Claire is a chef employed at a small restaurant. She left a previous job in March and started at another restaurant a few days later. Both businesses have been closed throughout lockdown.

Because Claire’s first pay day from her new job would have been 31st March her new employer is not able to furlough her as she wasn’t yet on the payroll as far as HMRC are concerned. They don’t have the funds to pay her so have had to let her go.

Claire’s old employer could bring her back and furlough her if they would like to – however they have decided not to. They were disappointed that she left to work for a competitor and see no reason they should help.

Claire’s only option is to claim universal credit. Unfortunately this doesn’t cover her living expenses so she is borrowing money from friends and family and using her credit card to try to make ends meet.

Michael is the only director of his limited company counselling business earning £35,000 a year.

Michael pays himself a small salary from his business and takes the remainder in dividends. He could furlough himself and receive 80% of his salary however he is concerned that if he does so he will not be able to do any work at all. Some of his clients will really struggle during lockdown without their regular counselling sessions. He decides to ask all of his regular clients whether they would like to continue with video appointments. The majority say they would not be happy with video appointments, but one client going through a very difficult time says she would like to continue. Michael now faces a difficult decision – he can either help his client but receive almost no income or furlough himself and get some help from the government.

He is frustrated because if he was a sole trader he could have claimed 80% of his usual profit  and continued to help those clients that really need him.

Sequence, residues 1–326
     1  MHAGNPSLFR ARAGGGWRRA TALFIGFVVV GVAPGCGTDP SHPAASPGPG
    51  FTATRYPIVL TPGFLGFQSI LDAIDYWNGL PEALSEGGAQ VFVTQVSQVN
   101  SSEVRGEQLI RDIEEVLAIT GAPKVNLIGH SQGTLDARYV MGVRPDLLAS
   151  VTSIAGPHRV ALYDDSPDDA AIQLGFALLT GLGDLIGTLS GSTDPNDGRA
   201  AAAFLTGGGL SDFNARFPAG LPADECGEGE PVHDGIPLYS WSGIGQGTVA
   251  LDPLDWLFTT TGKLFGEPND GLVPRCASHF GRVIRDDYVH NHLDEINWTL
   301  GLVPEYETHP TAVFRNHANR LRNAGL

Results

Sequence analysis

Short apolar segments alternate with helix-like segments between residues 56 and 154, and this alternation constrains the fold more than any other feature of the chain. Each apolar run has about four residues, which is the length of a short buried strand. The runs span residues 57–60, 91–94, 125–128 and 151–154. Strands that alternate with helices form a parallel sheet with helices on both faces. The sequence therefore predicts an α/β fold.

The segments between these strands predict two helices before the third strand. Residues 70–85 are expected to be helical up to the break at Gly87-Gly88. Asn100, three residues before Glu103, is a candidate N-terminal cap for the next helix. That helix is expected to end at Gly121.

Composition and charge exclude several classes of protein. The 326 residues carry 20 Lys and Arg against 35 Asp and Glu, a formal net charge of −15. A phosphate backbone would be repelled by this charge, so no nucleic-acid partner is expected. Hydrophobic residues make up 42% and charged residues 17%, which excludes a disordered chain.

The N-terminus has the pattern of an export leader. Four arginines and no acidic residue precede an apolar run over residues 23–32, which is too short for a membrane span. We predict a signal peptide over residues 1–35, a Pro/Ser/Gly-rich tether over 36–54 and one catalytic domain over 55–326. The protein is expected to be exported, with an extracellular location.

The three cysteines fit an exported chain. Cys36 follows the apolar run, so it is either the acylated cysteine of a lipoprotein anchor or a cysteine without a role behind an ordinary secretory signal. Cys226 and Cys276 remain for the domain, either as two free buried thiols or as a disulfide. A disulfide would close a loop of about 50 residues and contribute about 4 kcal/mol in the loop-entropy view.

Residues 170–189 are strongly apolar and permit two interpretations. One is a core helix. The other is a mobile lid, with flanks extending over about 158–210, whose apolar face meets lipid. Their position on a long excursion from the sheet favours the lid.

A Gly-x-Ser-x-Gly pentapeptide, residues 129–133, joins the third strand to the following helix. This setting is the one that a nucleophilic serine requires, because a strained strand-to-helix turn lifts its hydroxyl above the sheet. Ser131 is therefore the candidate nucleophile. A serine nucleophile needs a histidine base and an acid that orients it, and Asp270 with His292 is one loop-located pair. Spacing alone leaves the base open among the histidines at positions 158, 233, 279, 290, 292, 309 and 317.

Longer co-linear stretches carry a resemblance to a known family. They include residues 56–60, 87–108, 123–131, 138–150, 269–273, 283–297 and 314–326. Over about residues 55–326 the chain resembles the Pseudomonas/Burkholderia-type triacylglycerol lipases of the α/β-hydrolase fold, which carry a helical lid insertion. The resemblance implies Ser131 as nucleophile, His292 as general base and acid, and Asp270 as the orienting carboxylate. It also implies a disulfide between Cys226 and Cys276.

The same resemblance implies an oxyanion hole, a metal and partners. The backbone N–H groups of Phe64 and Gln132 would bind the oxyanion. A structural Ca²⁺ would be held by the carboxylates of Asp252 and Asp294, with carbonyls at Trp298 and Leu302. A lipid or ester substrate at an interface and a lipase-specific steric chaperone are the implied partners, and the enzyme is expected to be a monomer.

To demonstrate another element of the unfairness of the grants it’s also worth considering those who have legally been able to claim help despite an increase in business during lockdown.

Alex runs a small corner shop selling groceries. He has been very busy during lockdown as customers want to avoid crowded supermarkets and shop local and his income has doubled. Alex’s shop is eligible for small business rates relief so he has been able to claim a grant of £10,000 from the local council.

Will there be any changes?

There are still some MP’s petitioning for those who have missed out on support to receive some help, but as time goes on it seems less and less likely that anything will be changed. I really hope that for the over a million people who have been forgotten about there are further announcements to come.

Once life goes back to normal I hope that serious thought will be given to how systems can be improved in the future. We need to ask questions such as does Universal Credit provide enough support? Could we make a Universal Basic Income Scheme work? And how can fraud be prevented on tax returns (especially given that so many of the exemptions from the scheme came about because the government expected too much fraud to take place)?